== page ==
Tuesday, September 3, 2013

2013 Bombe Mane Brochure




Parvati, consort of Shiva, created a doll out of the sandal-turmeric paste that she had anointed on her divine self. Overcome by maternal love, she breathed life into that chubby doll and named him Vinayaka who later became Ganesha, the remover of obstacles. He is, probably, the first ever doll to be created.

Dolls are thus the creation of love. Just like Ganesha who later acquired divinity, dolls have also acquired different human aspects overtime and have become an inextricable part of human lives. It is a common belief that dolls are silent witnesses to the happenings around them and hence are considered intelligent.

Once upon a time, King Bhoja of Ujjain came across a cowherd.  He was just an ordinary boy but was transformed into a shrewd and intelligent judge who delivered swift and sensible justice whenever he sat on a particular mound. King had the mound excavated. Lo! behold.  There laid buried a beautiful throne adorned with 32 dolls. It was the throne of mighty Pandavas and later, Raja Vikramaditya.

As the excited Bhoja tries to ascend the throne, he is stopped by 32 dolls who have miraculously come to life. Each of those doll-damsels narrate a story regarding the qualities of an eminent king worthy of the throne. The stories elaborate kingly virtues like generosity, knowledge, strength, etc. Thereafter the Rayas of Vijayanagara had the unique honour of sitting on this bejewelled seat and ultimately the great fortune of inheriting this 'Karnataka Ratna Simhasana' fell on Wodeyars. Ever since, this majestic throne has adorned the royal court of Mysore.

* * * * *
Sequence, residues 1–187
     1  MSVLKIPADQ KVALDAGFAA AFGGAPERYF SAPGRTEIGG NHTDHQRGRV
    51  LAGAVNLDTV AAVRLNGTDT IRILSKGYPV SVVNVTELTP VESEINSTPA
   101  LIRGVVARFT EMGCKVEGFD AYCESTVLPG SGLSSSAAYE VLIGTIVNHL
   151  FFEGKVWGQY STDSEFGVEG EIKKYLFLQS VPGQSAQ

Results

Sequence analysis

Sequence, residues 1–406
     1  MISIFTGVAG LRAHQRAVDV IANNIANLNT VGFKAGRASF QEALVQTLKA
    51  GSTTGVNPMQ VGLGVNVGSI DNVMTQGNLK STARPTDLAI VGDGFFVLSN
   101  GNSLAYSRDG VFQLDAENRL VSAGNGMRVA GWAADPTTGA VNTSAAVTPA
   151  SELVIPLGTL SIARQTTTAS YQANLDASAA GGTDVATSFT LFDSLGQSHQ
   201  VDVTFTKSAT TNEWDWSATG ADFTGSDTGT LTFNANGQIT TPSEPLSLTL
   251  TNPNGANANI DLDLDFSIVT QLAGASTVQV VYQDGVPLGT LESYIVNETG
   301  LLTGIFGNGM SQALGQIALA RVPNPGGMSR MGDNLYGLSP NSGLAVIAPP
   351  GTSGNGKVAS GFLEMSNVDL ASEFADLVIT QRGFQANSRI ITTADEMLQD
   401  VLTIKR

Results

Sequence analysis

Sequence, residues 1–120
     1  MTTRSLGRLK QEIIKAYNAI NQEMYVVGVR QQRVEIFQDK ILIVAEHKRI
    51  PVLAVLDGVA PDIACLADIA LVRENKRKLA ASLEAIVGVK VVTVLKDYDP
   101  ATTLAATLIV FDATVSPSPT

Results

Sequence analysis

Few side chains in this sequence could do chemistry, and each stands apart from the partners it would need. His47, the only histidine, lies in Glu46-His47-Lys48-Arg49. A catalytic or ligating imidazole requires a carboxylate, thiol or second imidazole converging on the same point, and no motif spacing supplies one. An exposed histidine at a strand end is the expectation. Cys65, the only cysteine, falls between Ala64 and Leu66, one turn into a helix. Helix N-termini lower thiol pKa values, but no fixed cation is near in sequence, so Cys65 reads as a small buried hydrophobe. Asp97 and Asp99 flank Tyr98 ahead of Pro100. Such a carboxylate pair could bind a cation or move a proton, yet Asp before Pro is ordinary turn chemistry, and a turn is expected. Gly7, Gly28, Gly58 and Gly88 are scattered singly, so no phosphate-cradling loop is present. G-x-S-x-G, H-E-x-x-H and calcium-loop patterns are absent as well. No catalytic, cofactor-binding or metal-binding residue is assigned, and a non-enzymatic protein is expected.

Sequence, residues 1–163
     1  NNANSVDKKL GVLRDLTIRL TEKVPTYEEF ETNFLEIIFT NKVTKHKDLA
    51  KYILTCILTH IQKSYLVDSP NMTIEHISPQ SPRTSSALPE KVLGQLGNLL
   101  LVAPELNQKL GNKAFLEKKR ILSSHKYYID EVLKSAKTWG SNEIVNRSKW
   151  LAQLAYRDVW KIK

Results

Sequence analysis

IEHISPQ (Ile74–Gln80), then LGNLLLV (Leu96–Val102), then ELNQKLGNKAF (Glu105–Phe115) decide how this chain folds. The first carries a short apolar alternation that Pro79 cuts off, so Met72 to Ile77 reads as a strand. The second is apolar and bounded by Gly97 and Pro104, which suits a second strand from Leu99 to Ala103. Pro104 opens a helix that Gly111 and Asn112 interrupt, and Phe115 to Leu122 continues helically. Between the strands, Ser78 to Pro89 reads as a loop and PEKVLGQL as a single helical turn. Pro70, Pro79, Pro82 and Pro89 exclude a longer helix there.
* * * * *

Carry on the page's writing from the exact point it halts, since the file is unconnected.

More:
Perhaps this throne and its dolls could be the reason behind the doll festival of Mysore. This hoary tradition  goes back to a few millennia. 

The stepped arrangement of dolls as seen in households during the Dasara doll festival across Mysore, perhaps signifies the throne itself. King and Queen dolls find a pride of place in the top most platform. Angelic dolls that once adorned the throne of Pandavas are
represented by a variety of dolls.

At the ninth edition of 'Bombe Mane' we pay homage to the sacred relic from the glorious past. A miniature model of the golden throne along with the figure of the 25th Maharaja of Mysore Sri Jayachamaraja Wodeyar will be unveiled.

The Navaratri Devi puja of Sharad Rutu (Autumn) is the offshoot of the original which took place during Vasanta Rutu (Spring). Spring is also witness to two other doll traditions - Rati Manmatha and Chaitra Gauri - which have been depicted at this year's Bombe Mane.

The doll tradition of Rati-Manmatha is prevalent in Hubli and neighbouring districts during Holi and Ranga Panchami. The god of love and his consort are venerated; the celebration is a riot of colours heralding the advent of Spring.

The districts of Bellary, Koppala, to Belagavi and parts of Maharashtra observe a month long vrata of Chaitra Gauri/Tottilu Gauri. This is another remarkable doll tradition. Starting from the third day after Chandramana Yugadi until Akshaya Tritiya the gorgeous doll of Gauri, either standing (holding a mango) or seated on a swing, is offered worship. The worship of nine mothers is an important aspect of Vasanta Navaratri which is being highlighted through traditional Mysore paintings.

Hordes of dolls from across the country along with their accessories, utensils, instruments and ornaments are in attendance at this doll paradise.

Welcome to 'Bombe Mane'

Wednesday, October 10, 2012

Mini Musical Instruments


Mayura Veena

Saraswati Veena in 3 sizes

Violin

Tanpura and Sitar

Mridanga and Tabla

Nadaswara and Thavil